I am an Essex based WI approved speaker and give talks and demonstrations on an eclectic mix of subjects.
Following on from the first 2 stages of my poppy sculpture, it was time for the most difficult part, making the fully open poppy flower head.
You wouldn’t believe how many different types of poppy exist. I needed to set on a style, so I decided to go for the classic 4 petal design. I added furred edges to bring in my own design style and because I thought they needed a softer edge than the straight steel provided.
Work began with some real poppies, taking them apart, flattening out the petals and then making paper templates. I then used these to mark out the shapes of the 4 petals (which are actually different sizes) and then again my trusty new plasma cutter came into its own.
Shaping the petals into a natural look was quite difficult. Poppy petals are very thin and don’t hold their shape well, so a natural look is actually folded back and loose looking. I also hammered folds into the petals radiating outwards to give that paper look. Finally I added centres, again cut out with my plasma cutter and ridged to show the beginnings of the seed pod to come. Stems were added and the poppies finished.
For some reason I don’t seem to have taken any pictures of the process, only of the finished flower head, which is below. I made 2 to balance the sculpture.
Following on from stage 1 of my poppy sculpture project, the second stage of making the poppy sculpture was making the most important part, the poppy flowers.
I started by taking lots and lots of photographs through the summer months. The first thing that became very obvious was the amazing range of poppies to chose from. In the end I took a slightly artistic view of the classic 4 petal red poppy.
I then decided to show the flowers in 3 key stages, the developing bud, the fully open flower and finally the classic seed head.
Dealing with these in order, we of course start with the bud. This was made by first welding a piece of bar onto a smaller bar, the bud and the stem.
Next I forged the shape of the bud, including a fold in the side to represent the unwrapping bud.
Finally the stem was hammered and rounded to make it look less like a piece of bent rod. 3 of these were needed, at differing heights, for the final sculpture.
That was about it, first stage of the flowers complete
I have been delaying revisiting my blacksmith poppies and the ‘how I made them’ bit. But here goes.
First of all a reminder on the left of how it all finished up.
The rock was made from a piece we obtained from our favourite farm in Northumberland.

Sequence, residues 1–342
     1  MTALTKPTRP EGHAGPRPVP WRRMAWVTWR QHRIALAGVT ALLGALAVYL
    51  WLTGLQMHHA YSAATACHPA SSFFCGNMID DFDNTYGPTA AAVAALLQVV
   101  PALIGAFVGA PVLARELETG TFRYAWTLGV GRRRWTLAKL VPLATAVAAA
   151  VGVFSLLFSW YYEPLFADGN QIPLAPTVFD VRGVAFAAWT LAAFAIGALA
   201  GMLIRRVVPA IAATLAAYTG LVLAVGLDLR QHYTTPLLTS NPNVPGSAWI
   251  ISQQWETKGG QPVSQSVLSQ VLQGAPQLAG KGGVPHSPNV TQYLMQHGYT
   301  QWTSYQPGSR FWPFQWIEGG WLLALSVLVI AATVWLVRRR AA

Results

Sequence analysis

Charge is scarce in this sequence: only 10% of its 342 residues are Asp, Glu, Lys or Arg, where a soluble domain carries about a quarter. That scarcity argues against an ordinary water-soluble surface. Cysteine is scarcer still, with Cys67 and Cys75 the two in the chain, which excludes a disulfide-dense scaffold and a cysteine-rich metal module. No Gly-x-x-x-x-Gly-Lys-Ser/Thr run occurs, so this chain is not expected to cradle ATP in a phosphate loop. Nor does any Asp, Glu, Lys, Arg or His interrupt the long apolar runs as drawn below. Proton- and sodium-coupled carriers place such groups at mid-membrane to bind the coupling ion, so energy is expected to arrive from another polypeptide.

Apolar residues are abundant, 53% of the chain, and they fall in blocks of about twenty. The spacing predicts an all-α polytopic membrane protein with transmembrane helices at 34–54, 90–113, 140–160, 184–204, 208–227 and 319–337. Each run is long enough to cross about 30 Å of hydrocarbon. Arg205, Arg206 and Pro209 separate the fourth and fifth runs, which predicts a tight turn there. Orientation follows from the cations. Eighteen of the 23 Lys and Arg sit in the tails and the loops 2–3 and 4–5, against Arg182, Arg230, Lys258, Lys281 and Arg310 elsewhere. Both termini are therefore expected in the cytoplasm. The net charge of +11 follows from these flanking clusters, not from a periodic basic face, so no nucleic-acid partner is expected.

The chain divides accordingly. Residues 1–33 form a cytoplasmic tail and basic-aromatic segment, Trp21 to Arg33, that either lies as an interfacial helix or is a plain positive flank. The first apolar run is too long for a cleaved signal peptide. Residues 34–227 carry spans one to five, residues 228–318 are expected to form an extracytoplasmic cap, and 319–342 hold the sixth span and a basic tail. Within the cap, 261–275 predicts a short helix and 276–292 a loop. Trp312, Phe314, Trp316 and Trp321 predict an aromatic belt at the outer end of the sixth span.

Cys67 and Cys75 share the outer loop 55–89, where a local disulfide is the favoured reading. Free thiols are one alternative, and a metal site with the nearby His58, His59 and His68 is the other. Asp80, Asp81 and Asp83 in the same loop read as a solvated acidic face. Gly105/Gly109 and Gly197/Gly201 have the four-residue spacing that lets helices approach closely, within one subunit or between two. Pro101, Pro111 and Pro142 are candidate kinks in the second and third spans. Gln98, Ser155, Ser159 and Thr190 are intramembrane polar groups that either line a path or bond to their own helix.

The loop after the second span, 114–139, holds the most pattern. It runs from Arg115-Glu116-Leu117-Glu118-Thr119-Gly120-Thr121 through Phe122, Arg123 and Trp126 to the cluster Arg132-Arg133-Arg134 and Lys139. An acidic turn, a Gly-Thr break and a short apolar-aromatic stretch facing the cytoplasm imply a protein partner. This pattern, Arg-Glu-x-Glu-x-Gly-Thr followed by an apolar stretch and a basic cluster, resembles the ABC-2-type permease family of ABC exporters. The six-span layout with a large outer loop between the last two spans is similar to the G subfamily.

That was the easy bit, simply drilling some holes ready for the metal stems. Except it wasn’t that easy, think flower arranging with very heavy flowers and you get the idea.
On to the first element, the leaves.
First stage was to cut them out of 1.5mm sheet steel using my nice new plasma cutter.
As ever, the right tool for the job made it very easy to do, but without it, it would have been impossible.
The next stage was to form the sheet into leaf shapes. This required the forge and a heavy gauge V block.
A great deal of hammering and bending later and the sheet metal was looking much
more 3 dimensional and leaf like.
Repeated another 6 times and I had the 7 leaves I needed.
As with gardening, even numbers just doesn’t look right. There is probably a mathematical rule for it somewhere, but simply put, 7, not 6 and not 8, leaves were now ready for the next stage.
Come back soon for stage 2.
The cold of winter, and general lack of food for our feathered friends, makes it a great time to put up a blacksmith bird feeder.
I have made 2 on a similar theme, basically because a lady asked me to make one against a sketch and then my wife liked it so much she wanted one too.
They are free standing, with a spike to push into the ground, 7 foot tall and made from 19mm steel. This makes them very substantial, able to stand up to the biggest birds and strongest winds, and to my general style of nothing thin and flimsy.
They were left in untreated steel finish, so will rust and age gracefully.
I just wanted to wish everyone a very Merry Christmas and a Happy New Year.
Continuing our love of making use of treasured things rather than buying new, this is a knitted wreath made by my Grandmother over 20 years ago. It comes out every year and has pride of place in our home.